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Problem-oriented Processing and Database Creation for Ionosphere Exploration

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The collective power of multi-satellites

The way the Earth's space environment is sensed has changed in the past years as several satellites and constellations of satellites have been placed in orbit. An EU-funded project consolidated massive amounts of unused satellite data to afford a better understanding of what drives changes to the ionosphere.

Climate Change and Environment

Since the beginning of the space age, numerous satellites have amassed a wealth of observations from the outer edge of the Earth' atmosphere, the ionosphere. This transition region between the Earth's atmosphere and near-Earth space acts as a mirror, reflecting radio signals for long-distance communications. Today, in the age of satellite communications, it is the ionosphere that is responsible for causing the instability to received signals. The EU-funded 'Problem-oriented processing and database creation for ionosphere exploration' (POPDAT) gathered data from 10 missions to the ionosphere. These were first evaluated for their suitability to study wave-like phenomena taking place in the ionosphere. Dedicated software tools were then developed for processing data to identify the signatures of ionosphere disturbance, such as electromagnetic and gravity waves. A collection of wave catalogues was ultimately created which interested researchers can access through the project website . Data mining and visualisation routines allow users to extract specific ionospheric events. Processed measurements from a variety of ground-based observations are also available to enable the available satellite data to be fully exploited. The POPDAT project reached out to fellow researchers through publications and conferences where they gauged their interest in and need for accessing this type of data. However, the 'ionosphere waves service' was also set up with the aim of providing data products for use by students and amateurs in their own scientific research or education activities. By analysing plasma density and electromagnetic field records from multiple satellites, the POPDAT project opened a unique window onto the Earth's near space environment. From large earthquakes and lighting discharges to solar storms striking Earth, the research conducted into the physical processes that disturb the ionosphere is intriguing. With such in information to hand, researchers can study the effect of ionospheric disturbances on the communication and other systems that people depend on each day.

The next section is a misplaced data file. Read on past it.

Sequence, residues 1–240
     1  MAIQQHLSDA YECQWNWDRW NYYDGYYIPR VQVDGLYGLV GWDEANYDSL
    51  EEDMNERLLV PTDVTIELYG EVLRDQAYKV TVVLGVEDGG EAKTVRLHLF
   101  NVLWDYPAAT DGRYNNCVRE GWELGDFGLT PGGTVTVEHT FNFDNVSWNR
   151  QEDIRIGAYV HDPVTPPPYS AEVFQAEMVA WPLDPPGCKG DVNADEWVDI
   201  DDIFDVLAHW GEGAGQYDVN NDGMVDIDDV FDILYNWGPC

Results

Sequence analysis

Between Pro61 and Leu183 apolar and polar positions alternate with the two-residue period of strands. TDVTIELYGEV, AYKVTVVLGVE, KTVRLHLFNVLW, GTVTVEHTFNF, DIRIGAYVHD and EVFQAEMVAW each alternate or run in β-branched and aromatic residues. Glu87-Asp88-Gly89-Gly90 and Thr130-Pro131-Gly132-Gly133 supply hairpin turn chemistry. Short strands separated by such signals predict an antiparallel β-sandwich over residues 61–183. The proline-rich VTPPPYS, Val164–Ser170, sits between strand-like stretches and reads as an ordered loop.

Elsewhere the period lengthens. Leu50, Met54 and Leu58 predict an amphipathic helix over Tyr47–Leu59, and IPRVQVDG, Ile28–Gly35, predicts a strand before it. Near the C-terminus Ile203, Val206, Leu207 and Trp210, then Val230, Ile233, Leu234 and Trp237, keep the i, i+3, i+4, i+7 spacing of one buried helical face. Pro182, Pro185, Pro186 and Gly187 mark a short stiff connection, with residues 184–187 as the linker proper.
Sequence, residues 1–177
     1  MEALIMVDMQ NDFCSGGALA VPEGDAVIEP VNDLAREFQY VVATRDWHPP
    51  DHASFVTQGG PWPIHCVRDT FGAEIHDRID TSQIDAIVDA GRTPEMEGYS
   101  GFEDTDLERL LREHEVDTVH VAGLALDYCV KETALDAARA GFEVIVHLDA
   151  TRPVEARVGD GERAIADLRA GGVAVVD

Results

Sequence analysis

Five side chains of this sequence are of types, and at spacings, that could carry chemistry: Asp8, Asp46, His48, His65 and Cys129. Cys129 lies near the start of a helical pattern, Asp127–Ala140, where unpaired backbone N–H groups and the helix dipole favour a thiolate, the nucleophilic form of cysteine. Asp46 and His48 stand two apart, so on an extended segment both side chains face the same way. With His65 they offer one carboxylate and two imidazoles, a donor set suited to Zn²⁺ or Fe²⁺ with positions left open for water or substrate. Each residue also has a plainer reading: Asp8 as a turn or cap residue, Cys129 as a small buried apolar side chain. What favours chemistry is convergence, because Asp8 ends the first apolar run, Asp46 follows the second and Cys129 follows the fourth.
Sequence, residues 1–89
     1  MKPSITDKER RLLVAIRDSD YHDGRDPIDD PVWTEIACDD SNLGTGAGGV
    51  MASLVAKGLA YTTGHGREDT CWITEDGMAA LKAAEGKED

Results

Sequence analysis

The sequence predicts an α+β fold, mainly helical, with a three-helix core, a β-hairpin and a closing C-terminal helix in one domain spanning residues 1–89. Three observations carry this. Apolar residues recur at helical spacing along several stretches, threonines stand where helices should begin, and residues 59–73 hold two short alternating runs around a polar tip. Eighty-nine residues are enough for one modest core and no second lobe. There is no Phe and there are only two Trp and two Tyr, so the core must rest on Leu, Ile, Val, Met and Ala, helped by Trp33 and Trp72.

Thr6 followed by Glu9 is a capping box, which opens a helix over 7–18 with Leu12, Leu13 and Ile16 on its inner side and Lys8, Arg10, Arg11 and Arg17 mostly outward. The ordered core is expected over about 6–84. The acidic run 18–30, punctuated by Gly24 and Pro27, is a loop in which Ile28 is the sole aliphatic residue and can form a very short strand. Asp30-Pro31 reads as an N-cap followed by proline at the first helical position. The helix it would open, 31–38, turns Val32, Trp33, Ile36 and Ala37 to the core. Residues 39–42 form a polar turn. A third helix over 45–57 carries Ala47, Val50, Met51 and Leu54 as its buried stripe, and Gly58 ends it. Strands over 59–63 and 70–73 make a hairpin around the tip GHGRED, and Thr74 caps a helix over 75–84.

Keywords

Satellite, observatory, ionosphere, atmosphere, electromagnetic waves, gravity waves, data mining, satellite communications

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Climate Change and Environment

2 April 2014